Bras & Breast Cancer

Bras & Breast Cancer

You would imagine that there isn’t much to say about bras. A bra is a bra…is a bra, right? You’ve been using them for decades now. Yet breast cancer puts you in a whole new category with bras, especially following your surgery.

Here's what you need to know about bras and breast cancer:
First off, don’t buy any bras for six months to year following surgery as your breasts will need time to heal. If you’re having reconstruction surgery performed, your breast(s) size will change constantly, especially if you have expanders. We all know bras can run anywhere from $35 to $80 or more, so why waste your money, wait until you’re fully healed and then go to Fredricks of Hollywood or Adore Me and splurge on the girls.

Instead of running out to purchase a bra, ask your physician to provide you with a few pairs of surgical bras. These bras are made of soft cotton material with front closures. They come in white, beige, or black. You want to avoid back closure bras as this will put some strain on your chest as you try to reach behind you to close the bra; there's no doubt you will find trying to close the snaps a bit difficult, especially for the first week or so after surgery. Anyway, these surgical bras come in small to 2X.  Also, your physician or your nurse navigator will typically give these to you in their office. Take two or more if they offer. Ask them to write a prescription for two or three more bras. (Bras get dirty and stained fast after surgery—and as you'll have seepage from the sutures as you heal, you'll want to wear a clean bra daily to avoid and/or minimize the potential for infection. Sometimes, you'll have to ask the physician for these.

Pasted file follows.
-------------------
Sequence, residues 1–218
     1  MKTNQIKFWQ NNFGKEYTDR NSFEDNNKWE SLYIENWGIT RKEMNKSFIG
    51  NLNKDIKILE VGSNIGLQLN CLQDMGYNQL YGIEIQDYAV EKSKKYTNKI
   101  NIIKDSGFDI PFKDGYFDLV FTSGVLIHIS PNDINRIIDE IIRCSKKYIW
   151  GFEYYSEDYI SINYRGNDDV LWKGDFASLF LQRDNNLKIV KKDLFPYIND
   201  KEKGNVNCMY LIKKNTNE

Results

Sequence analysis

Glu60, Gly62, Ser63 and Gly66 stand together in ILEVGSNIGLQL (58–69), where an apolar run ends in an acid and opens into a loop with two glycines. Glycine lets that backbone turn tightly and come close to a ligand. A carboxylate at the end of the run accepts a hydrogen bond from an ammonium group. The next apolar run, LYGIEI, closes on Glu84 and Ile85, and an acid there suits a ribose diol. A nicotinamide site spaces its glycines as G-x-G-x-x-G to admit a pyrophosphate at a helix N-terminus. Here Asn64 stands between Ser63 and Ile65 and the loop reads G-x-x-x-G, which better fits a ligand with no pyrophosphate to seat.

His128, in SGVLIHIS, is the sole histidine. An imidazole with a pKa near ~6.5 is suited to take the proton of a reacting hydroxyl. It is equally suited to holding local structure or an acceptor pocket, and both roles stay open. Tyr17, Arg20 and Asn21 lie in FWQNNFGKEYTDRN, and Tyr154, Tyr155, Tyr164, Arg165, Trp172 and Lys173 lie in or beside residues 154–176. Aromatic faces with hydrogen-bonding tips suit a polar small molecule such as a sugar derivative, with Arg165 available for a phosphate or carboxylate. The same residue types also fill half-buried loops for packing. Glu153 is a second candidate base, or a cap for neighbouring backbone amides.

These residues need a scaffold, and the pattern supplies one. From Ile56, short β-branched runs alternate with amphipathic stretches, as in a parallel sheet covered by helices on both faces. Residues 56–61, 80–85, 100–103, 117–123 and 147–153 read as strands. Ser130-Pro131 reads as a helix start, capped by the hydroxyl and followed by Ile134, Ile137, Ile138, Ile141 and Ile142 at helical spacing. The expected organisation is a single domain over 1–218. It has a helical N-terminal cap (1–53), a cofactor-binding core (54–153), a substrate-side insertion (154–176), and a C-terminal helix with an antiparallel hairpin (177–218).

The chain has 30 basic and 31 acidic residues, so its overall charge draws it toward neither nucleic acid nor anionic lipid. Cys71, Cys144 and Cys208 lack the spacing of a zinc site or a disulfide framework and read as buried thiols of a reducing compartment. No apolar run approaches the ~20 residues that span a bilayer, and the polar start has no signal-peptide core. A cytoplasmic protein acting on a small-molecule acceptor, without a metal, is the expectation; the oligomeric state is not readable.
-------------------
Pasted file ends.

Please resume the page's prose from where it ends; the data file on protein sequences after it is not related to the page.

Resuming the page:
This bra prescription is typically covered under “durable medical equipment.” Yes, your insurance covers these bras. Don’t let anyone tell you otherwise. You’ll often hear the doctor’s stuff say, “oh, your insurance doesn’t cover that…,” however, many times, it’s because the person doesn’t want to do the paperwork or they don't really know; thus, ask them nicely to, “please prescribe it anyway” and you can discuss it further with your insurance. Yes, Medicaid covers these bras. Unfortunately, I have found many medical staff members complacent and unwilling to “do paperwork” or “jump through hoops” for their patients. You will at times have to advocate for yourself a little more adamantly. It’s their job! Ask that they do it. Remember, you’re going to be paying out-of-pocket for lots of other things, thus, saving $20 to $60 for these surgical bras means you can pay some of those bills that are piling up. Always have your physician write a prescription for anything you need! Don’t let pride or frustration get in your way.   

An alternative to these surgical bras, as time goes on, are sports bras. Again, I recommend finding the ones with front closures, this way you won’t put any strain on your chest, and it’ll be easier, and definitely less painful, to slip your arms into the straps and close the bra in front. Yes, you’ll still experience pain and sensitivity for months—and let me be totally honest, even years—following your surgery. These front closure bras will also work best if you have surgical tubes left in place after surgery. They are also more convenient allowing you to place gauze pads over your chest prior to closing the snap in front. This beats trying to balance the gauze pads on your chest as you try to close a bra in back or pulling your bra from your skin and stuffing gauze pads down the front of your bra. Take about childhood memories!

If you can’t find the front closure sports bras, use regular sports bras which have the more flexible material in the “breast cup” area. Also, search for ones that have a two-to-three inch gap between the breast area and the bottom of the sports bra where the elastic is. This will allow you to pull the sports bra down a little lower to avoid placing the elastic over your sutures; and later as you heal, the suture area otherwise, you will feel discomfort in the area.